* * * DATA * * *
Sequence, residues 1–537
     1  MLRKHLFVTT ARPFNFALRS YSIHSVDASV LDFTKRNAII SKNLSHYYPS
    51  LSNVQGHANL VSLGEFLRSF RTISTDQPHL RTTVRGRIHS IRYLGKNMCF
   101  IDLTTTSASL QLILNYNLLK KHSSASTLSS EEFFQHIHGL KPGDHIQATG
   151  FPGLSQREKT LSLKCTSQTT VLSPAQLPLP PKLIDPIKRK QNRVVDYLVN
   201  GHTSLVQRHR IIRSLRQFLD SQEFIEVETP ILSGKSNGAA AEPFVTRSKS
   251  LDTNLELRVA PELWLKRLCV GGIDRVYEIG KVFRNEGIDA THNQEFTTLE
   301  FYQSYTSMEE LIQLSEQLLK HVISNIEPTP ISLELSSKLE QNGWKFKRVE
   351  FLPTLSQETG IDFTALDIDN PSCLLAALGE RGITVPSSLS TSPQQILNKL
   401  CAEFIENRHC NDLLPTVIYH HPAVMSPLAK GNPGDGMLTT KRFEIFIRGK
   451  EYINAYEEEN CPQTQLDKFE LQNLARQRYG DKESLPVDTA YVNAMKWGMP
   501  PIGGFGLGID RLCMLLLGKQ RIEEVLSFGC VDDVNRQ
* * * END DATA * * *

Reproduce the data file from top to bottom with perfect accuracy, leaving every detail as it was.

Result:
Sequence, residues 1–537
     1  MLRKHLFVTT ARPFNFALRS YSIHSVDASV LDFTKRNAII SKNLSHYYPS
    51  LSNVQGHANL VSLGEFLRSF RTISTDQPHL RTTVRGRIHS IRYLGKNMCF
   101  IDLTTTSASL QLILNYNLLK KHSSASTLSS EEFFQHIHGL KPGDHIQATG
   151  FPGLSQREKT LSLKCTSQTT VLSPAQLPLP PKLIDPIKRK QNRVVDYLVN
   201  GHTSLVQRHR IIRSLRQFLD SQEFIEVETP ILSGKSNGAA AEPFVTRSKS
   251  LDTNLELRVA PELWLKRLCV GGIDRVYEIG KVFRNEGIDA THNQEFTTLE
   301  FYQSYTSMEE LIQLSEQLLK HVISNIEPTP ISLELSSKLE QNGWKFKRVE
   351  FLPTLSQETG IDFTALDIDN PSCLLAALGE RGITVPSSLS TSPQQILNKL
   401  CAEFIENRHC NDLLPTVIYH HPAVMSPLAK GNPGDGMLTT KRFEIFIRGK
   451  EYINAYEEEN CPQTQLDKFE LQNLARQRYG DKESLPVDTA YVNAMKWGMP
   501  PIGGFGLGID RLCMLLLGKQ RIEEVLSFGC VDDVNRQ